Although Zeller contorted his body more than once in an attempt to draw another foul on Davis, it didn't come until the 14:05 mark. Davis got the foul for trying to contest Victor Oladipo's layup attempt. Deuces were wild for Davis, who exited with two points, two rebounds and two blocks, as well as two fouls.

"My teammates told me I was fine," Davis said. "... I came out in the second half with the same intensity I planned to come out in the first half."

Those fouls dulled the excitement of Jones' start. He swished a three-pointer to begin the scoring, then hit a jumper from the left side.

Making seven of its first 10 shots, Kentucky zipped to a 16-11 lead.

The margin grew to as much as 31-22 when UK answered Watford's first basket five seconds later with Jones' fast-break dunk off a lob from Teague.

That prompted an Indiana timeout with 9:55 left in the half and the reinsertion of Zeller into the game. The Hoosiers went immediately to Zeller, who made two free throws to slow UK's momentum.

Watford took over from there, scoring 15 points inside the final six minutes. His drive gave IU its largest lead of the first half, 43-39, with 3:30 left.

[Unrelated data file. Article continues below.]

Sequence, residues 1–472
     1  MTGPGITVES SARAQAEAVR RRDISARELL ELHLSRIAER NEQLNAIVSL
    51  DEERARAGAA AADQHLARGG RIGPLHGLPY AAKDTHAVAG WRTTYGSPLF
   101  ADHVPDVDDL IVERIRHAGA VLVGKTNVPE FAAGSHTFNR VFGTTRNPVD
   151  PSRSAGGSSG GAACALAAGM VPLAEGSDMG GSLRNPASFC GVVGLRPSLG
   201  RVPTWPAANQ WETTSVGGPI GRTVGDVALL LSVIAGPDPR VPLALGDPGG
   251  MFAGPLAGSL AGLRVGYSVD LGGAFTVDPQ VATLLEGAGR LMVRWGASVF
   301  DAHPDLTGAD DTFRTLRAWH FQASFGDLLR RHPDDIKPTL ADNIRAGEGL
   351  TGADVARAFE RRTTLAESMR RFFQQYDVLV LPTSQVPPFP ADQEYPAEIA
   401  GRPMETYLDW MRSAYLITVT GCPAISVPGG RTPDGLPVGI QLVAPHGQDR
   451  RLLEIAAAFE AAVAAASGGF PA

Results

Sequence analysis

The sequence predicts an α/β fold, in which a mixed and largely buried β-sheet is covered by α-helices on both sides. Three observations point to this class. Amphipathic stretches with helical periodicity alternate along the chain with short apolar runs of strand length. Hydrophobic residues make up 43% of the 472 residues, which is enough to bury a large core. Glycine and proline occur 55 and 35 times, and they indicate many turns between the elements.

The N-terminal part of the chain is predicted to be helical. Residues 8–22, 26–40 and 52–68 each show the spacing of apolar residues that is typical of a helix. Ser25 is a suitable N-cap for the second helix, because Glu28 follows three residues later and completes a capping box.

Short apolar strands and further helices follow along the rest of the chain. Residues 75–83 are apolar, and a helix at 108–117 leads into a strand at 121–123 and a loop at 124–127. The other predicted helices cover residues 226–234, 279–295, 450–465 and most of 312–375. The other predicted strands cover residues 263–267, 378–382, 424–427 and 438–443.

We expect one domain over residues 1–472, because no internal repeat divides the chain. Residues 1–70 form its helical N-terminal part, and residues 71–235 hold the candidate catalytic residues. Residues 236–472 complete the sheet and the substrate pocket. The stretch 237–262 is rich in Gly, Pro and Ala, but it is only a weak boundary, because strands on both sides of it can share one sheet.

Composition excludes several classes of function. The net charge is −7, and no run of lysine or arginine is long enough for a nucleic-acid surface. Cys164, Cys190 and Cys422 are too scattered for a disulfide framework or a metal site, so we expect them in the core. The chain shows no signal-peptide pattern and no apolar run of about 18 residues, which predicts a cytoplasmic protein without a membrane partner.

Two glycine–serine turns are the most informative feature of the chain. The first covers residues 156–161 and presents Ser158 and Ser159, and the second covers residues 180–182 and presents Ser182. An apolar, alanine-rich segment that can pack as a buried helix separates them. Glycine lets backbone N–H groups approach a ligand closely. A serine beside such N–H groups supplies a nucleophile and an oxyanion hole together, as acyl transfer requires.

Jones picked up his third foul at the 17:57 mark of the second half. Miller quelled any anxiety by hitting a pair of three-pointers while scoring eight straight points. Each of his threes led to an eight-point lead for Kentucky.

But Indiana wouldn't go down easily. Four times, UK took eight-point leads before the margin grew to double digits. Davis, who was fouled on a fourth-chance opportunity, made two free throws to put the Cats ahead 74-64 with 10:26 left.

Offensive rebounding paid off big for Kentucky. Putbacks by Kidd-Gilchrist and Davis widened the margin to 79-66 with 8:57 left.

Indiana, which squandered a nine-point lead in the final eight minutes against UK in Bloomington, mounted the rally this time. Watford and Zeller brought the Hoosiers within five, 82-77. More than five minutes remained.

But two Lamb free throws and a drive by Miller pointed Kentucky toward a hard-earned victory.

Jerry Tipton: (859) 231-3227. Twitter: @JerryTipton. Blog: